2. good article

    attendance is bizarre at this stadium. highly successful (albeit no cup) team with lots local talent.

    The last paragraph is revealing as it seems to say they have tried lots of thing and can’t get consistent attendance with a great product.

    I don’t love the name but almost never hear anyone complain or turn up there nose about it anymore.

    Maybe people had bad traffic PATH experiences which eventually turned them off. Easy to follow at home or other leagues overseas.

  3. I finally stopped going to NYRB games when they fired Petke and I’ll stay gone. For me, I have always had reservations about following a team named after a sugar drink. Petke’s presence was the first time I felt a real connection to the club. It felt like it was a community that I was part of. When he was fired, it was a sign that this was always going to be more about promoting an energy drink than taking care of the fans. The location is an issue, too, but for a club I could believe in, I would be there.

    I have brothers who still support but I just won’t support the New York Dr. Peppers anymore. Too much of a sour taste was left in my mouth.

  4. It is NOT going to get any better. They chose the wrong place to build that beautiful stadium. Harrison is in the middle of nowhere. There is “no there there”. It is hard to get to. The prices are too high for a stadium half full. Why they made 25,000 seats is a mystery. If they had 20,000 seats, it wouldn’t look so bad when only 15,000 show up. The upper bowl? Really? Why did they need that? It’s a ghost town up there.

  5. This shows that they really aren’t panicking about attendance. No wonder they don’t bother with day-of-game deals or set-price $1 hot dogs and beer that isn’t $13. Because of the high prices, and frankly low quality of food, I’ve stopped going to the stadium pre-game.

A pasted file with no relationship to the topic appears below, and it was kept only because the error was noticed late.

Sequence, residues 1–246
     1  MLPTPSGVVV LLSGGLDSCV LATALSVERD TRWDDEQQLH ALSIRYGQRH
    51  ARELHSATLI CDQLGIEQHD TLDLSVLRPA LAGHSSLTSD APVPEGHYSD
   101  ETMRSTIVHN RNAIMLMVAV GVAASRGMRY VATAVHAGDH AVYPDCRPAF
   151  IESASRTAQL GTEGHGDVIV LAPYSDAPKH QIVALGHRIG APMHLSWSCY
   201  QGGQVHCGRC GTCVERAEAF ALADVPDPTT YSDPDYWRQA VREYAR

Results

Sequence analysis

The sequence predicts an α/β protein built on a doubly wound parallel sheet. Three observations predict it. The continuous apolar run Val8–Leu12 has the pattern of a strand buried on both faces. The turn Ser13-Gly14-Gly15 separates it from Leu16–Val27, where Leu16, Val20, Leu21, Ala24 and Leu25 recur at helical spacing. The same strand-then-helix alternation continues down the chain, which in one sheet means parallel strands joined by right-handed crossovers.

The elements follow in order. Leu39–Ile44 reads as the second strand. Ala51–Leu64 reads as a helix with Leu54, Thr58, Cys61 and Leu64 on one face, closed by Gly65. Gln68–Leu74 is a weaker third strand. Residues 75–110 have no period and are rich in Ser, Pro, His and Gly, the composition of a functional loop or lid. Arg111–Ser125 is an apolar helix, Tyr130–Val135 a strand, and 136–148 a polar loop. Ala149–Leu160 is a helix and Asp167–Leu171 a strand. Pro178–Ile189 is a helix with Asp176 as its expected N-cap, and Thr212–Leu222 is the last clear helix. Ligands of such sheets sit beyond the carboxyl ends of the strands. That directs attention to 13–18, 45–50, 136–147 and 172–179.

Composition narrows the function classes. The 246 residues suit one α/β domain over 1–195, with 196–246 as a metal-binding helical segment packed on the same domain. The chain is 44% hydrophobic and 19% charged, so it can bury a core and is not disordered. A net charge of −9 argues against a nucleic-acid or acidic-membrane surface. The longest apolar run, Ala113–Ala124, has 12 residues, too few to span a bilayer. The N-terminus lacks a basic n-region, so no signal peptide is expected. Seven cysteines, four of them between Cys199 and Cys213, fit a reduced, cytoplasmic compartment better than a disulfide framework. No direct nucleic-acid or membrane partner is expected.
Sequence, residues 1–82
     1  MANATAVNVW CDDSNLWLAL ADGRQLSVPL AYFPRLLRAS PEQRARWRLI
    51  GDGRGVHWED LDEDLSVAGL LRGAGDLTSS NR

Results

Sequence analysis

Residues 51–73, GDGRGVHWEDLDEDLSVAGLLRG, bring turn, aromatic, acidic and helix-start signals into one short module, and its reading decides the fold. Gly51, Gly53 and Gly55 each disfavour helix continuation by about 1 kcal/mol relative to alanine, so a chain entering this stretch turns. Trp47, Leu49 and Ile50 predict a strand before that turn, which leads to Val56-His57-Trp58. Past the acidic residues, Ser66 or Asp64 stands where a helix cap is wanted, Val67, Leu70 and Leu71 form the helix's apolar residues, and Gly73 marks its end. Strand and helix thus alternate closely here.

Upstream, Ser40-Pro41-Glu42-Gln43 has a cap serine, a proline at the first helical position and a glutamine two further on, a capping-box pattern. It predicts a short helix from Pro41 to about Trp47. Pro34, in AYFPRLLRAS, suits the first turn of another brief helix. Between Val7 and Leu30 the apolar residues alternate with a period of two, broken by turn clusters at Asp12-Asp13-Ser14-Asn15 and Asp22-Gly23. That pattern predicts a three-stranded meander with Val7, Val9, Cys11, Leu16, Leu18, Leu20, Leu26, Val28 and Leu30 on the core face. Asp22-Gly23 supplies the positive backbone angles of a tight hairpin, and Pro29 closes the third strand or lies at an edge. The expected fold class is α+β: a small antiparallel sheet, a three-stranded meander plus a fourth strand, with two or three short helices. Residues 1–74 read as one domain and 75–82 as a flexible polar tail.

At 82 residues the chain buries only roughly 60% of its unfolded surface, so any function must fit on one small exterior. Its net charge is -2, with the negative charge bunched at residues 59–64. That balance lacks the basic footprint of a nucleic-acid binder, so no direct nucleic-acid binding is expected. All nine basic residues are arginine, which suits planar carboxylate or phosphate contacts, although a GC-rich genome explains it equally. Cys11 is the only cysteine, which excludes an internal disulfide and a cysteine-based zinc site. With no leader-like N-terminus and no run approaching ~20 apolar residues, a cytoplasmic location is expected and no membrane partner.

As a STH it is alsodisheartening to spend so much and have the atmosphere, while always good, not as great as it could be. A good friend in our row passed on his 4 tickets this year because it got to be too much and he could never resell tickets to games he couldn’t make.

  6. For the amount of empty seats I see on TV, the availability of tickets, not to mention the price, doesn’t add up.

    If you look early in the week before the game on Ticketmaster (don’t get me started on fees) you will find very few seats between the end lines. Of those, you can expect to pay $40 for upper level and $60 (usually closer to $90) for lower bowl tickets. With the small stadium, the upper bowl views are great, but it’s hard to convince a friend who isn’t a soccer fan that they should shell out $40 for a ticket.

    For games like the CCL leg against Santos, there literally weren’t tickets available.

    The experience at the game isn’t the issue, but some cheaper tickets would certainly help.